Abortions, rape, and wrecked relationships no longer define me
Becca Garvin's story is proof that you can't go back, but you can start over. Watch her short video above, and read the story behind the story ...
College spelled a brutal end to Becca’s carefree life.
Like so many freshmen, she found herself quickly in a relationship. But the joy of new love was soon eclipsed by pain, as her boyfriend turned more violent and abusive in the months that followed.
When she broke free of the relationship, the scars on her heart were so deep, and the trauma was so intense, she was left empty, broken, and scared.
“I basically felt completely worthless,” Becca says.
Becca’s response was to dive into the college party lifestyle head first as an escape — chasing every thrill and experience offered up by the unholy trinity of sex, drugs, and alcohol.
My identity became who wanted me and how much they wanted me.
A Dark Escape
Hookups were an ordinary part of her life.
She knew men only wanted sex, but she was desperate for any kind of affirmation she could find. Anyone to care about her.
“It was delusional. ‘Maybe this one will want me for something else or maybe this one will see something inside of me that's worth holding onto and not just physical stuff,’” she recalls thinking about the men she’d hookup with. “I hurt too much to be able to stop to figure out if there was another way to fix it.”
It was a vicious cycle that only made her feel more empty, more worthless, more broken.
“My identity became who wanted me and how much they wanted me, and that was all physical in the crowd I hung out with.”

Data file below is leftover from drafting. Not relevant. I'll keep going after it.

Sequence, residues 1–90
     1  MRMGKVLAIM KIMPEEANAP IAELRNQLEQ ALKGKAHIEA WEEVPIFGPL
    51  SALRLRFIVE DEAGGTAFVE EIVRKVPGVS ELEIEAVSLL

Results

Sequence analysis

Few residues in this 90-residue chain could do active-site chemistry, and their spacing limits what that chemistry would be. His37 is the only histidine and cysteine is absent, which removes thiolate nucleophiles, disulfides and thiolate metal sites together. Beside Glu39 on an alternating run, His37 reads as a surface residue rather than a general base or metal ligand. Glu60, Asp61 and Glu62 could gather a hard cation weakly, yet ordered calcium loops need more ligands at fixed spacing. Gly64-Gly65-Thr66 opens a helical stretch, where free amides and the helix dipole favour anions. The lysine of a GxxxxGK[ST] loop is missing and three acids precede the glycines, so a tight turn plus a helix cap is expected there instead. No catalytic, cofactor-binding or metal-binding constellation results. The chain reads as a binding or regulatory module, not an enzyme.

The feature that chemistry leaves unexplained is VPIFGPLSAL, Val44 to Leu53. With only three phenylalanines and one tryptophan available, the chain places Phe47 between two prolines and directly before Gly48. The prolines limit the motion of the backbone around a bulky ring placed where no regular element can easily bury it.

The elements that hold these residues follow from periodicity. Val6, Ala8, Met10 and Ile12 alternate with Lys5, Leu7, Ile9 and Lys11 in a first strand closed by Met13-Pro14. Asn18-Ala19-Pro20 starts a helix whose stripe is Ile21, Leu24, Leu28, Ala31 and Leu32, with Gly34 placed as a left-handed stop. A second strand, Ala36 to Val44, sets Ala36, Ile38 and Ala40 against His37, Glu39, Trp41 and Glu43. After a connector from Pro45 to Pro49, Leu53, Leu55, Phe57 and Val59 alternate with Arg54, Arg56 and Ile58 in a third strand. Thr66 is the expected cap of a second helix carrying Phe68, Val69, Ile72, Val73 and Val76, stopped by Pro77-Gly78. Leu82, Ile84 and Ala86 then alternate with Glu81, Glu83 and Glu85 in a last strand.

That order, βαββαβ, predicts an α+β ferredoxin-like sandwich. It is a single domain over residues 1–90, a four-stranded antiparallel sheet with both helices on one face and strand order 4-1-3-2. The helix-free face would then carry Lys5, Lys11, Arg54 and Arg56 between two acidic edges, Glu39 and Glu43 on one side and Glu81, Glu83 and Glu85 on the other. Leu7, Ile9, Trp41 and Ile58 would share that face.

She didn’t — she wouldn’t — stop to think about what she was doing. She pretended that the abortions didn’t even happen.
“If I didn't process it, then I could just keep going — just push it back, bury it, put it in some dark corner where I didn't have to face it,” she says. “If I stopped, I'd have to face all of these things that I had done.”
I didn’t realize how fragile I was.
A Tug of War Inside
At one point, a college friend from high school saw what was happening and kept inviting Becca to NewSpring until she agreed to go.
Becca asked Jesus into her life on her first visit, but the small seed of hope planted in Becca’s heart that day was watered with many tears. Tears of regret. Tears of guilt. Tears of shame.
Becca wanted a new life, and she responded to conviction over her sinful past with more obedience to God’s Word. But progress was slow, halting, incomplete.
The past and the future were in a tug of war within her. If the brightness of what was possible in Jesus shone in one season, it was soon eclipsed in the darkness of the brokenness and insecurity she felt in another.
She went to church and went through phases where she read her Bible and she found herself in “a better place.” But the chains of Becca’s old life forged in the continuous need for affirmation were still strong. She continued the pattern of wrecked relationship after wrecked relationship and devastating decisions.
The cycle continued after the first abortion. And the second.